How did you get into baking?
My twin brother started a catering course, so I decided to do something different and chose a full-time two-year bakery course at Tameside College in the mid-1970s before going to Hollings College, where I did a technician certificate in bread and confectionery, and then finally a bakery national diploma.

What was your first significant job?
While I was at college, I worked at companies including Archers Bakery in Marple. After graduating, I started in a management role at Bon Chef, which made gateaux and frozen pies, working in quality control and then as a production manager. I then went to Fortts bakery in Stockport as the foreman baker, where the boss, Alan Harding, helped me set up my first business in 1983 when I was 23. It was good experience, but the recession hit and I had to give it up although I didn’t come away from it too badly, as I sold the building to a developer.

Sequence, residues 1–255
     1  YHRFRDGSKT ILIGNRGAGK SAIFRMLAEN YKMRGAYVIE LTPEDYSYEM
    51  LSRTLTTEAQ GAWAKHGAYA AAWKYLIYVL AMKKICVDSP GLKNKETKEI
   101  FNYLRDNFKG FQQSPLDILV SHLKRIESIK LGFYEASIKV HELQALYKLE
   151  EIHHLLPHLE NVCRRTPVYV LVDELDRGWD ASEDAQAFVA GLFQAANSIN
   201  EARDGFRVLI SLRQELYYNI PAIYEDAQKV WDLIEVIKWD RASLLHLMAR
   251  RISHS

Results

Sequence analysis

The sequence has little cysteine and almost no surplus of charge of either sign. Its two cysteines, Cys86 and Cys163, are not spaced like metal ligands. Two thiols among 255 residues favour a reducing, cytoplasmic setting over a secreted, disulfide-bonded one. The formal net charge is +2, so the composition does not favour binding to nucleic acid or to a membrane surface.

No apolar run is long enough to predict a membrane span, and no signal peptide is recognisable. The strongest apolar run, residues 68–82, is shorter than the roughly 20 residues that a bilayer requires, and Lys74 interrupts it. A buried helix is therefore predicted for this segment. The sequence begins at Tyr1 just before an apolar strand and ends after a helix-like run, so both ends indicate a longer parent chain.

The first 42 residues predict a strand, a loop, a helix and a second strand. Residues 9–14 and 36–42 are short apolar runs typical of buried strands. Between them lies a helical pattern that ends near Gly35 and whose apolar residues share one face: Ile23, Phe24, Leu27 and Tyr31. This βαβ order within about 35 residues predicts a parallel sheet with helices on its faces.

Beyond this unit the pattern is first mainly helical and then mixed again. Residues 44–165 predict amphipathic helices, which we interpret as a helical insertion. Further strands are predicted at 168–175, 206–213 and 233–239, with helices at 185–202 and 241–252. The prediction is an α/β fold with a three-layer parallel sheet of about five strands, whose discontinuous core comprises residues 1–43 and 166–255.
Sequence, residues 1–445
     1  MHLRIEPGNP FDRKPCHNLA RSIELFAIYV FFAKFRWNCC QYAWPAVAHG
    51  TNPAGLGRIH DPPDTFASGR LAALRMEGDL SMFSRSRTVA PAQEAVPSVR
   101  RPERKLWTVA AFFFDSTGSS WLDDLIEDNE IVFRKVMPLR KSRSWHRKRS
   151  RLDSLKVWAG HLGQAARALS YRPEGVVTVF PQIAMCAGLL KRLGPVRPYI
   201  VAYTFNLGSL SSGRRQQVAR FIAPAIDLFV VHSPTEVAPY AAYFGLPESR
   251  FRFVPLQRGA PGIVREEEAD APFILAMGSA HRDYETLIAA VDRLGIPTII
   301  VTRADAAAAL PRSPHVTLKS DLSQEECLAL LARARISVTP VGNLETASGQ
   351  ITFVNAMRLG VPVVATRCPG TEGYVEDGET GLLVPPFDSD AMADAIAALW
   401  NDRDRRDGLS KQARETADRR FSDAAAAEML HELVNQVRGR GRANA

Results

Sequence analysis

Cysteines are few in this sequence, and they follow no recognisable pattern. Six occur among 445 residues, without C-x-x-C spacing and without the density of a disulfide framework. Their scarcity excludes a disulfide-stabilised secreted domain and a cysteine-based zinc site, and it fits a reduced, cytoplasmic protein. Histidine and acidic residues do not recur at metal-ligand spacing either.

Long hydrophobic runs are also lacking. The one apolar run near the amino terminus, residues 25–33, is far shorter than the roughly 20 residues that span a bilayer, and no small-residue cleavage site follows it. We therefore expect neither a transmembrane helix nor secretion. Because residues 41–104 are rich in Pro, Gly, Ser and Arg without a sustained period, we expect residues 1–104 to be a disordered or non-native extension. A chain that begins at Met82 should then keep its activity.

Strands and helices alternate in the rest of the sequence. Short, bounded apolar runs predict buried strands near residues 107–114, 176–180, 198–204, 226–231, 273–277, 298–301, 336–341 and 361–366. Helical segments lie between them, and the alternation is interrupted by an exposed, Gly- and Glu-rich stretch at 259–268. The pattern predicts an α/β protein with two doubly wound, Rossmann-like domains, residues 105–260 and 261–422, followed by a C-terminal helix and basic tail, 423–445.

What prompted you to start teaching?
I went back to Archers, which is a traditional craft bakery, and while I was there, I got interested in teaching, so returned to Tameside to do a teaching qualification. I felt that, by this time, I had knowledge to pass on and was offered a placement at Tameside two years ago, which developed into a full-time role as a lecturer in bakery and patisserie in 2002. I’m also a subject learning coach, which I really enjoy. You need empathy with your students to get your message across and to make sure that your lessons aren’t boring, but exciting.

What’s your average day?
I’ve recently opened a new shop in Buxton Salts Artisan Bakers as I’d always wanted to have my own business again. It’s not a great time to do it, but there is more interest and awareness in the speciality breads that we’re doing, such as sourdough, and I think it will really take off slowly but surely.
My wife Rachel works with me and has learnt to bake. I start at 2am, bake until 7.30am when Rachel takes over in the shop, and then I come to the college until 5pm when I sometimes teach karate. I’m number two in the world and have a training room above the shop, which I can nip up to.

What motivates you to work so hard?
It is a long day, but we hope to get some help after Christmas I’ve got some good students to choose from at the college after all! I’m really passionate about what I do and getting to the semi-finals of the 2008 Bakery World Cup in Lille was a real highlight of my career.
I like to be the best and get things right and I’ve never had a day off.